Intelligent retail

Retail Intelligent retail

Published on 05.08.2021 by Prof. Dr. Gerrit Heinemann, Head of theeWeb Research Center at the University of Niederrhein in Mönchengladbach

It is becoming increasingly apparent that predictions for the next ten years are already set to kick in at the end of 2021, assuming the pandemic has run its course. Nobody wants high-street retail to disappear and for city centres to go to rack and ruin.

But citizens vote with their feet, and, to an increasing extent, with their thumbs. If they decide against high-street retail, then there will be reasons for this. But we should certainly not be writing off high-street retail completely. It just needs to reinvent itself. The concept of «intelligent retail» shows very concisely how it can do just that. There are essentially five core themes that are set to shape the future of retail. First and foremost, we need to (1) set out the basic requirements that will allow data-based operations. This, in turn, will enable us to (2) use artificial intelligence (AI), which will allow us to make use of one-to-one marketing based on customer data. If we want to be able to use this, we will need (3) intelligent employee qualification and recruitment. Qualified employees are also needed for a (4) digital supply chain and for (5) future-proof business modelling, which includes the development of smart stores.

The basic requirements for intelligent retail are mainly system-related and organizational. Without efficient inventory management and checkout systems, which have actually been around since the 60s, it just isn’t possible to display any valid product availabilities, and there is no chance of efficient inventory management either. Even if efficient systems are in use and data can be generated, this by no means ensures intelligent customer data is collected. What is customary for online retail is likely to be the biggest challenge to high-street retail. But if we want to make good use of artificial intelligence with our customers, we need identifiable customer information of our own. If you want to use artificial intelligence, you need intelligent, highly qualified staff. This historical paradigm shift, which we can say is a «major transformation», is having a particularly impact on some of the core competencies in retail today. One of the major weaknesses in retail, and something that continues to be shown in a host of studies, is the fact it is not a very appealing employer for qualified workers. But at the same time, retail does have a very good chance of positioning itself as an attractive employer if it uses clever employer branding to broadcast its digital needs. High-potential employees with digital expertise, the type drawn to Amazon and Zalando, are also needed to digitize the supply chain. Future-proof business models, culminating in the development of intelligent and fully-digitized smart stores, are frequently a culture shock to high-street retailers.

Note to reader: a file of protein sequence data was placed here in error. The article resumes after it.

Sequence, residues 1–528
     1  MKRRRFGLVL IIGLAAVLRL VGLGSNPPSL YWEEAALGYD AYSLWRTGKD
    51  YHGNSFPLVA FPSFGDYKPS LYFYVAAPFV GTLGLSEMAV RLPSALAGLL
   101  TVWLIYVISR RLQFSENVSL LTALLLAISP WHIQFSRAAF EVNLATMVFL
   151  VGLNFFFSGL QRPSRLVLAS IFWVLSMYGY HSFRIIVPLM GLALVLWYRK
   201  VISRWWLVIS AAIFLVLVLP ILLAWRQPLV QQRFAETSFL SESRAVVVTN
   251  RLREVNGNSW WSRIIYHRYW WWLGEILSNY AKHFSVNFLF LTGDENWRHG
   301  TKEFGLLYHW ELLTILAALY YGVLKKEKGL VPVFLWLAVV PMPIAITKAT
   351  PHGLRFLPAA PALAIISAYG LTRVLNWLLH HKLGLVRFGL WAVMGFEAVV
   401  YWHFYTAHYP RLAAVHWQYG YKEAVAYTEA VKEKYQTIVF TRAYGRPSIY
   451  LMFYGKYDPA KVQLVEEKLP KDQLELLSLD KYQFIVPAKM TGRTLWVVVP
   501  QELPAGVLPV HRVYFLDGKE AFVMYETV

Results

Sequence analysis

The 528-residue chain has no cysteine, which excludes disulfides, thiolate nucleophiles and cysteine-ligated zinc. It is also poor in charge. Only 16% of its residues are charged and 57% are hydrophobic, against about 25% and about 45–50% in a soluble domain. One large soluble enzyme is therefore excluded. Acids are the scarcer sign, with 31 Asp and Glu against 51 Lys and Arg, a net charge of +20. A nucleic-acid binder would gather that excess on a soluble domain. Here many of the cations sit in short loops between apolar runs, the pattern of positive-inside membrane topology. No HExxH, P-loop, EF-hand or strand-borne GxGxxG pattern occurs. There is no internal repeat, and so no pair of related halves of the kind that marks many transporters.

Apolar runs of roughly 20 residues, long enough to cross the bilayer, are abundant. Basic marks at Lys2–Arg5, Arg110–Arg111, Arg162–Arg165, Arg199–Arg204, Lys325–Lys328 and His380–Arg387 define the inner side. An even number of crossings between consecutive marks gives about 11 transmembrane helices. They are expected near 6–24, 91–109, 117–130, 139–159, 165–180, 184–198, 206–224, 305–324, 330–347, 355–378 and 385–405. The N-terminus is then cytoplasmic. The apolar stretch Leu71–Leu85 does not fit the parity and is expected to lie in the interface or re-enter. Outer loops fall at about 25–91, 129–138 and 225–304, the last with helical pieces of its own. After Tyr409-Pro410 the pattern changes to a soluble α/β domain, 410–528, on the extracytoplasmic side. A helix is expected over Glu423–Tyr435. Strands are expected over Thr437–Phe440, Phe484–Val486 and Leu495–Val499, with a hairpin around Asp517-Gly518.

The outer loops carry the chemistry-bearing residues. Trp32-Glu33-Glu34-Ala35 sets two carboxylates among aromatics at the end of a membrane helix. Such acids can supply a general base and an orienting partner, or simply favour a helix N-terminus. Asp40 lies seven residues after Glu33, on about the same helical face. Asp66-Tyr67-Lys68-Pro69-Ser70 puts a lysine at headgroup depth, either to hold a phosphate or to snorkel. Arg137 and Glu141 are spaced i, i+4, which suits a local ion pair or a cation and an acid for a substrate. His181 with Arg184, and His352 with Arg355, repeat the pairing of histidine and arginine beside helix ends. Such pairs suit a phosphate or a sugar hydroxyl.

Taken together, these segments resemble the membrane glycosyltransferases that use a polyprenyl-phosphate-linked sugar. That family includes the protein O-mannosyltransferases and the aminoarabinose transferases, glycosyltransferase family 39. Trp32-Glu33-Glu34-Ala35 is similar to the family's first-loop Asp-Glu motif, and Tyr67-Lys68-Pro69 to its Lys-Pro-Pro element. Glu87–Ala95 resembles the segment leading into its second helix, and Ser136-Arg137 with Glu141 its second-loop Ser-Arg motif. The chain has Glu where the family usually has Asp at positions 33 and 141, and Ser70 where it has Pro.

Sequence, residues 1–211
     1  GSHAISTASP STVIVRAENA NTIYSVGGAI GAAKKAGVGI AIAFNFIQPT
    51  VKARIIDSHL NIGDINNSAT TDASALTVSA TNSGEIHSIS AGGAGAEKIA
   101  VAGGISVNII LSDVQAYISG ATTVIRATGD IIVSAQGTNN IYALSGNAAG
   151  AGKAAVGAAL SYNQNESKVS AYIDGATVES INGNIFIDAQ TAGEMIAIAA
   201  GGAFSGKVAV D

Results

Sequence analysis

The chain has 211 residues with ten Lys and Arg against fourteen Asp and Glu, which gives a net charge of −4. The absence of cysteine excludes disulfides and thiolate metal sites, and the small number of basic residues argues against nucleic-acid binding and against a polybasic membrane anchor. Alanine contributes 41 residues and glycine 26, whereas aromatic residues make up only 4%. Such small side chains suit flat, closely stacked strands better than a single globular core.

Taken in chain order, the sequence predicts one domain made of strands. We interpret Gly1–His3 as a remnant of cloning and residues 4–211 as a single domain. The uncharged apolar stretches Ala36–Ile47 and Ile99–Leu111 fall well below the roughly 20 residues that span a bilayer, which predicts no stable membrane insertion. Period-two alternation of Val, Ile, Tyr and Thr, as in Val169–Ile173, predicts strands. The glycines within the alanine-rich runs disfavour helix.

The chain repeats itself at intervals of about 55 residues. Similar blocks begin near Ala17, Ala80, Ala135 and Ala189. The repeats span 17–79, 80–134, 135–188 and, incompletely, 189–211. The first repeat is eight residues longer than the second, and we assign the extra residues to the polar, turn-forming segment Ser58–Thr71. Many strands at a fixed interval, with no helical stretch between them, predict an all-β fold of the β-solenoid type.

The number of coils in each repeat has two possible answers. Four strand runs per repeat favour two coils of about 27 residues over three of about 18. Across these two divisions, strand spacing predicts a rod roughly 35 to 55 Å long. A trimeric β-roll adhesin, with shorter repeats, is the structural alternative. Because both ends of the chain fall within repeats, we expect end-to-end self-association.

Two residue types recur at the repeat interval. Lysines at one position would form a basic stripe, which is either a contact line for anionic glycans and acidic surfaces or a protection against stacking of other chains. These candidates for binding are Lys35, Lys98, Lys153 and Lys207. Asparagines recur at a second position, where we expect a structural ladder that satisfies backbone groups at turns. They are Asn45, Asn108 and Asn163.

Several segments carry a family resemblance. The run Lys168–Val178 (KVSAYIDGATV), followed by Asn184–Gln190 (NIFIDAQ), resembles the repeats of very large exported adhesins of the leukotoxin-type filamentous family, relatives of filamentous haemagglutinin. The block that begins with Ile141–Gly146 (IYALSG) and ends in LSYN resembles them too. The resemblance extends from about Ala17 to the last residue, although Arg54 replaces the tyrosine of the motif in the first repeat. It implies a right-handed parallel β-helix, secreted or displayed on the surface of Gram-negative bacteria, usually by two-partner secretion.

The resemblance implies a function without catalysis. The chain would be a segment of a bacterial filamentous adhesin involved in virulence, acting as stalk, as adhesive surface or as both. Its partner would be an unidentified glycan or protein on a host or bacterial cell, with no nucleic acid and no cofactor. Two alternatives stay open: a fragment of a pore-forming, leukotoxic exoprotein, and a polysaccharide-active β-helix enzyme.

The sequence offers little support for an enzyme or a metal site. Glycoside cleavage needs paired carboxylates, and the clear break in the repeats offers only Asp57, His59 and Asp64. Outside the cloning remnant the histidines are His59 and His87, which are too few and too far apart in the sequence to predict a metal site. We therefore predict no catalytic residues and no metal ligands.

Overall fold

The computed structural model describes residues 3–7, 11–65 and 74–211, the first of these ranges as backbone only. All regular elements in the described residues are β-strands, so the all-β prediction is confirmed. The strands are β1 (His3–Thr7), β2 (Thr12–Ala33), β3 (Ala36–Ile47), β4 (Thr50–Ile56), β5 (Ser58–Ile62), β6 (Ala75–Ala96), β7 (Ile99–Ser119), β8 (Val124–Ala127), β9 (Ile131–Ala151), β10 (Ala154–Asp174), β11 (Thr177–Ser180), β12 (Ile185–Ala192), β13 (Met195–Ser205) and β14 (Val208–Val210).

But one thing is certain: high-street retail could survive in the future if it reinvents itself. The future of retail is above all else going to need intelligent systems, something that retail has for the most part not been using. Local retailers, too, need to be able to work with data today, something that was never really talked about in the past. They need to change their business mindset, going from product-focused business models to consumer-focused business models, where the customer experience is given priority.


Due to the current situation, Connecta Bern will again be held as a digital event in 2021. Connecta is renowned for shining a light on the diverse nature of digitization and this year will be no different with content presented across the three formats of Connecta Blog, Connecta TV and Connecta Talk. Find out more here:



Find out more about Prof. Dr. Gerrit Heinemann in our video interview with him, available from 6 October 2021, at:

Prof. Dr. Gerrit Heinemann, Head of theeWeb Research Center at the University of Niederrhein in Mönchengladbach

Prof. Dr. Gerrit Heinemann, born in 1960 in Osnabrück, is Head of the eWeb Research Center at the University of Niederrhein in Mönchengladbach, where he also lectures on business administration, management and retail. He began his university career in 2005 after nearly 20 years of experience in the field.

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